I barely made it back this week. It has been one of those weeks when I have the best of intentions to get work done and then things come up. Between a storm coming, knocking down our tree and loosing power for 10 hours, to the tragedies our nation is currently witnessing, to now a sickness (I blame the corn starch from The Color Run), I didn't get nearly as much done as I wanted to. However, I'm hopeful that this coming week I'll be ready to go!

As always, thanks to Tara for hosting my favorite linky party and for the awesome shout out from one of my past made-its!

First up is a half made it/half organized it system that I am SO pumped for! With my change to flexible seating, I've been trying to think of ways to manage all of my students' supplies. My solution is a called a "home base" station and here is it!

I made the home base signs and attached them using binder clips and some velcro. I'll have between 6-8 home bases scattered around the room. That way, when we transition, there will be a limited number of students in certain space so that there isn't congestion. At their home base, they will find their name tag/pencil holder. At the end of each day, they will put their name tag back at their home base so it doesn't get lost and then when they come in the next morning, they will be ready to go!

Each student will also get a drawer. This drawer will have the main focus for reading however. This is where they will keep their chapter books and reading notebook, since I won't be doing a book box or bag for the library this year. What I love about these sterilite drawers (or I should say ONE thing I love...) is that they have built-in ID labels that you can write on with an expo marker or even a sharpie (and then use an expo marker to color over and remove... believe it, best trick ever!). This will make it great for when I have new students... I can just erase and write a new name!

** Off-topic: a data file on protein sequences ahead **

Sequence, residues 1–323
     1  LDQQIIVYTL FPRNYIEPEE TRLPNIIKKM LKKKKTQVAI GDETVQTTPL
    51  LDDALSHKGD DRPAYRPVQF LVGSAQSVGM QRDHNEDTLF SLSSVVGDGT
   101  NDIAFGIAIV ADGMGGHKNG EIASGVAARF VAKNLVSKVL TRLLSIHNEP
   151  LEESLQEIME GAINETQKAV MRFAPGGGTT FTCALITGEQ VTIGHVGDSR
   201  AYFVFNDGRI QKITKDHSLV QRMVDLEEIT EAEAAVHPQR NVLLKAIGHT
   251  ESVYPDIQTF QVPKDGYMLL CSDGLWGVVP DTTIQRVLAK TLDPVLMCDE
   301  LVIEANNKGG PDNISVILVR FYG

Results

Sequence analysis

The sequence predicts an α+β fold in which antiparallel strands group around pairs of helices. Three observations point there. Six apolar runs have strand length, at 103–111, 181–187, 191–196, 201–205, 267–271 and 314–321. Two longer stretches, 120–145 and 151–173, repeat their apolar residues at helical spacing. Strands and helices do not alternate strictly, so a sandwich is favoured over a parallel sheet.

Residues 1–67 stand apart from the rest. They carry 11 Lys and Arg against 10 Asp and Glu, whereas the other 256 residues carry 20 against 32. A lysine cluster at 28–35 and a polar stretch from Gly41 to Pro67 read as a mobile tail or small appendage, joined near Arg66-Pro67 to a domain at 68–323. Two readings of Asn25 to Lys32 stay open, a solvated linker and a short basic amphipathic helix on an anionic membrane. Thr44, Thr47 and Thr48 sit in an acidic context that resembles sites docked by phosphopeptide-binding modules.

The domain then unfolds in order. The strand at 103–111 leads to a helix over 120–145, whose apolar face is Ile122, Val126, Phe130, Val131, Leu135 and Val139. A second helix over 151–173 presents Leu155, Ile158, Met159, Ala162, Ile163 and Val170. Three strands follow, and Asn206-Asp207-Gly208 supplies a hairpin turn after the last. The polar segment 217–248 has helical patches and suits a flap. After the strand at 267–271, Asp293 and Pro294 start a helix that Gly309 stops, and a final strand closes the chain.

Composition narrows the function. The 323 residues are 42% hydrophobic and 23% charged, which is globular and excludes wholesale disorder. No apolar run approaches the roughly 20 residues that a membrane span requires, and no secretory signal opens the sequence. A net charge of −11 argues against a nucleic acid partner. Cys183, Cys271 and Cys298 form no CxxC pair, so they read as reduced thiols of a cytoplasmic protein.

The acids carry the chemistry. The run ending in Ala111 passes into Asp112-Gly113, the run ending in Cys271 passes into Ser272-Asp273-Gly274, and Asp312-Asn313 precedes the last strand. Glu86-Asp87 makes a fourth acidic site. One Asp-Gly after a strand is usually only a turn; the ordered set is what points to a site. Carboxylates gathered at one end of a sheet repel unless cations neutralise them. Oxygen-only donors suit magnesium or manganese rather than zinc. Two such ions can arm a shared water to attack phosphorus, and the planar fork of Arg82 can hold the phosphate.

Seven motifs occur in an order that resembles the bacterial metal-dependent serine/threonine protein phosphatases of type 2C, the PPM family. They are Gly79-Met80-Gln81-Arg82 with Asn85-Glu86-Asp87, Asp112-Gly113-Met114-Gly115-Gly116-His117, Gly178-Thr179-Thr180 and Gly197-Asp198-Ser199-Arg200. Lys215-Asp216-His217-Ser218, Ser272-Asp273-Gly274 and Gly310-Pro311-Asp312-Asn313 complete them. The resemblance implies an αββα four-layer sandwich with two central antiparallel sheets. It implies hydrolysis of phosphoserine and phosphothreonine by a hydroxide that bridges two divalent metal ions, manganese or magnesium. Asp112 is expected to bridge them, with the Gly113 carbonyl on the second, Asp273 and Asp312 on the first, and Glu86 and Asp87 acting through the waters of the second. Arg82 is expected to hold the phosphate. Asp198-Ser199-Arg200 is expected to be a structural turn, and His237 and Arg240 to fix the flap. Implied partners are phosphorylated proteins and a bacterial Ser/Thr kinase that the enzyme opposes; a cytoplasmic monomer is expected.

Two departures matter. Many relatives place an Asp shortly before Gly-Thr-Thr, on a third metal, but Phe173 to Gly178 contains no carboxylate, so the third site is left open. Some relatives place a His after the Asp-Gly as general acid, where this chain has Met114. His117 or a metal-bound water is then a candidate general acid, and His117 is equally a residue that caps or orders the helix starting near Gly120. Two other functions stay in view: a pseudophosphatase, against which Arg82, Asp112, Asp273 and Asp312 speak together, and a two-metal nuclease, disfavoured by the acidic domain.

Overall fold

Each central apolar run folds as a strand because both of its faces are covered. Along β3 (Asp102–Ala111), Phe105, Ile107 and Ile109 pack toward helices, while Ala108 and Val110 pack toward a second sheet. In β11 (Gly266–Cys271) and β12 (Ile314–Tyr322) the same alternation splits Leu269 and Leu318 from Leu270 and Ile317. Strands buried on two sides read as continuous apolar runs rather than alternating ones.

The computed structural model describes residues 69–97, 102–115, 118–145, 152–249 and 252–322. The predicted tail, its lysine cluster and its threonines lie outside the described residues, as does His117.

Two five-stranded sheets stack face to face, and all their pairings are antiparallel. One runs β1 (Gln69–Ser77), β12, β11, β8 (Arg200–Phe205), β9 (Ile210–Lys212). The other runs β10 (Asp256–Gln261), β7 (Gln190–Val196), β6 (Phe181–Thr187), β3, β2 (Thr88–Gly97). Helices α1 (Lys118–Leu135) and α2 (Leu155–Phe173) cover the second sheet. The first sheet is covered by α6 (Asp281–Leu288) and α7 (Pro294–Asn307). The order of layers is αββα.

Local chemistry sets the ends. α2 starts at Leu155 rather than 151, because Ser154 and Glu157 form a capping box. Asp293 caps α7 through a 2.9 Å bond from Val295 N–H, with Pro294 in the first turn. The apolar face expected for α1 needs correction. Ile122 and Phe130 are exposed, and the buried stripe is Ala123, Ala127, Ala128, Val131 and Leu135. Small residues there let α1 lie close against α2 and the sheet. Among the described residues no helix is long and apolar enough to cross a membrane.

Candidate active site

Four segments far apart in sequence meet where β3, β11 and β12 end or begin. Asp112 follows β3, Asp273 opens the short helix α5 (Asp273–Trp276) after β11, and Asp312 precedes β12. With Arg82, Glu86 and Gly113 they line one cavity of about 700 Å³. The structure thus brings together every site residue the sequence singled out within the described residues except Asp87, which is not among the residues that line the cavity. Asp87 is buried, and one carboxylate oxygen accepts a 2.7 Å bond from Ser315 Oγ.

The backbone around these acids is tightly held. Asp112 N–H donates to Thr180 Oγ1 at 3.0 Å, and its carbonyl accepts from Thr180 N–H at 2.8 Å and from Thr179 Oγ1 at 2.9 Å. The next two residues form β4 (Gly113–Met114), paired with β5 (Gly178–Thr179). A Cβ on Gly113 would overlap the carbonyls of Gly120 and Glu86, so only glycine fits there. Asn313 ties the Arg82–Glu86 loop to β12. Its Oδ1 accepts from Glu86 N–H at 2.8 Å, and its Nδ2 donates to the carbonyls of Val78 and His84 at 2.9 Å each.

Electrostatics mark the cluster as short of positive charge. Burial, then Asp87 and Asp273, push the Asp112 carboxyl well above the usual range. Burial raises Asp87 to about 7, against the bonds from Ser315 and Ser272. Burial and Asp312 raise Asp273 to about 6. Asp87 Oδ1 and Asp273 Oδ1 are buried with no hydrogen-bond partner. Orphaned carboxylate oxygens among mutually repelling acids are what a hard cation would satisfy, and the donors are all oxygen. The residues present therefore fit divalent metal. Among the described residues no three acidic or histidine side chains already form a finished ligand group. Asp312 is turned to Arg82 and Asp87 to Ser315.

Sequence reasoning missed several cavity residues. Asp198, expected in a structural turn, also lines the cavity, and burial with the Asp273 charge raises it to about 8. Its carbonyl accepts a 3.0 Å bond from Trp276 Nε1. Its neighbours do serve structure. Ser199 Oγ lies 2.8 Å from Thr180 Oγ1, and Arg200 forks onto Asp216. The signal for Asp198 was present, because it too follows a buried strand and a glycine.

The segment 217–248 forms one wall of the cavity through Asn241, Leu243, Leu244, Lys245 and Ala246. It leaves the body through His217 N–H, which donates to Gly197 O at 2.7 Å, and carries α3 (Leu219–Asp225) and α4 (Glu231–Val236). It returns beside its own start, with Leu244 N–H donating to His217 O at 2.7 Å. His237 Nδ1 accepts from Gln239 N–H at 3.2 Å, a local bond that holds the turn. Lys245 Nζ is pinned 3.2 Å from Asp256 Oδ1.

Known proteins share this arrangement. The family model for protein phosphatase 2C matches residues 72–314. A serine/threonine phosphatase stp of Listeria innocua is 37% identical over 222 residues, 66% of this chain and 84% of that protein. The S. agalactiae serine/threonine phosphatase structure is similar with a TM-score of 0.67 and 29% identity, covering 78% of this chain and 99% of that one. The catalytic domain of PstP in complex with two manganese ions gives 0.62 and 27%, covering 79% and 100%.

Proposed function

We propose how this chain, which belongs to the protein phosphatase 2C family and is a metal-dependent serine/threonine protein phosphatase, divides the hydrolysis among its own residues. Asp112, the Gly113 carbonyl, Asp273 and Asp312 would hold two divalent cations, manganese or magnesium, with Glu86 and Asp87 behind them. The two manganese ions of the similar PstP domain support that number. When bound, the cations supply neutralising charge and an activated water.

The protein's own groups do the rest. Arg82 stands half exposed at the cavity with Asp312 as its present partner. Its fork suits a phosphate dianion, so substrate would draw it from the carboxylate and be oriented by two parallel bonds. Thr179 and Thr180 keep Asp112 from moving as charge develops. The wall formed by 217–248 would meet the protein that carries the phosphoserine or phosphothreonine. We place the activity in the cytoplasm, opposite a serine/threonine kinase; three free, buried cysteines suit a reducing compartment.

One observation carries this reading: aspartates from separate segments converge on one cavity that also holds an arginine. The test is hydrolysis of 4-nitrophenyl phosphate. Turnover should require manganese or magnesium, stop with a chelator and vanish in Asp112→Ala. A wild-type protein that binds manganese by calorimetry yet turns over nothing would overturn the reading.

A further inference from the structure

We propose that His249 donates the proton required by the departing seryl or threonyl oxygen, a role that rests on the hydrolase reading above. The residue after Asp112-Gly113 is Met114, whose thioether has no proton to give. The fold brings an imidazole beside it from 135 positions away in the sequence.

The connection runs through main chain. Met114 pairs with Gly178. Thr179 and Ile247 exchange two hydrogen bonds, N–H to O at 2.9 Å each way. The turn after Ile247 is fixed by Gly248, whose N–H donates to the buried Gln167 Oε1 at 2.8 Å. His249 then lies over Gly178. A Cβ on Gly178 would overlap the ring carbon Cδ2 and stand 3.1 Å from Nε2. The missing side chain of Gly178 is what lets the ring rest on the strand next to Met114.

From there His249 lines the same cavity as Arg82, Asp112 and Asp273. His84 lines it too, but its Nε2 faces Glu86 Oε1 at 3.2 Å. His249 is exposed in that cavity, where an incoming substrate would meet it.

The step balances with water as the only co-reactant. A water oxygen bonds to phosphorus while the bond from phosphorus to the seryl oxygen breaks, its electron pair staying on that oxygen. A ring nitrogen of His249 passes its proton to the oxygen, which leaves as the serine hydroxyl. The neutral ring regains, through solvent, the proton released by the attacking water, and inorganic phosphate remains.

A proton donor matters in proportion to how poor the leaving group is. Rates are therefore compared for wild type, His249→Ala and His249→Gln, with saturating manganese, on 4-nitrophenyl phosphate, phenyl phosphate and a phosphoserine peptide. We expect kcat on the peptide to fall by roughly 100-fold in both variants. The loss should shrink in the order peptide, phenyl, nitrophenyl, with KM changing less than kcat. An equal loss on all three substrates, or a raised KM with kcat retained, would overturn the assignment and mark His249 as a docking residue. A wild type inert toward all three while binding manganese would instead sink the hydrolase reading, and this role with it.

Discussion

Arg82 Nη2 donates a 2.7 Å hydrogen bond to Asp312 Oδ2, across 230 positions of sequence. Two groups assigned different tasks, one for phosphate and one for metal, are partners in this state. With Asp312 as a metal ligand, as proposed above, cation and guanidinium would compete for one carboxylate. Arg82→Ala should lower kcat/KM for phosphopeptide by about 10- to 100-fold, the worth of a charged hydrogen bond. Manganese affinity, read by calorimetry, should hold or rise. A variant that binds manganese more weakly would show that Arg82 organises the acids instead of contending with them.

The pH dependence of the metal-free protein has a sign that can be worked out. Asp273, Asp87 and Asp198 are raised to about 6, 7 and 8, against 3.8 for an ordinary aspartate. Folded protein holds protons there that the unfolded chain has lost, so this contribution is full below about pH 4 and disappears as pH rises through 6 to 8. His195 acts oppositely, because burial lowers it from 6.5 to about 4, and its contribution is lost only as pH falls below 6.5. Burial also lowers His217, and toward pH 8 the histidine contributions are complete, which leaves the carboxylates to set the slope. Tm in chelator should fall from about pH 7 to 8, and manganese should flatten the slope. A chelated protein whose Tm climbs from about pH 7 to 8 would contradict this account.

Now for the goodies on top. Another thing I love about these Sterilite drawers is their built-in compartments on top. It'll house a lot of every day supplies for my kiddos! 

1:  A perfect spot for a pack of post-its
2: My handmade scissors keeper (more on that below)
3. A cup to house extra pencils, expo markers, or highlighters (these were $3 for a set of 3 in the same aisle as the drawers at target)
4. Our name tag and pencil holder place for the end of the day
5. A prime spot for erasers or eraser caps
6. A pencil sharpener fits perfectly in this slot!
7. Mini-stapler and left over parts from the binder clips to change out charts and name plates. I got 3 of these staples for a total of $0.03 at Office Max yesterday!

Back to number 2 for a second: I wanted a way to store the scissors so I made up little scissor keeper blocks. Super simple!

1. Get a block of floral foam from any craft store
2. Use a knife to cut them up into little blocks (I think I got 6 out of 1 block...)
3. Take a pice of felt and cut it into quarters
4. Wrap the block like a present using hot glue to secure
5. Use an adult size scissors to cut some slits into the top for your scissors

Lastly, I'm playing catch up with trying to put things into my TpT shop. I managed to get the reference cards from one of my earlier MMI posts this summer. If you are interested in snagging these, they are now available! I'll be adding more as needs pop up in my classroom and then will increase the price. Click here to check them out!

I'm off to rest and hopefully get enough strength to eat some food and check out the other awesome ideas this week!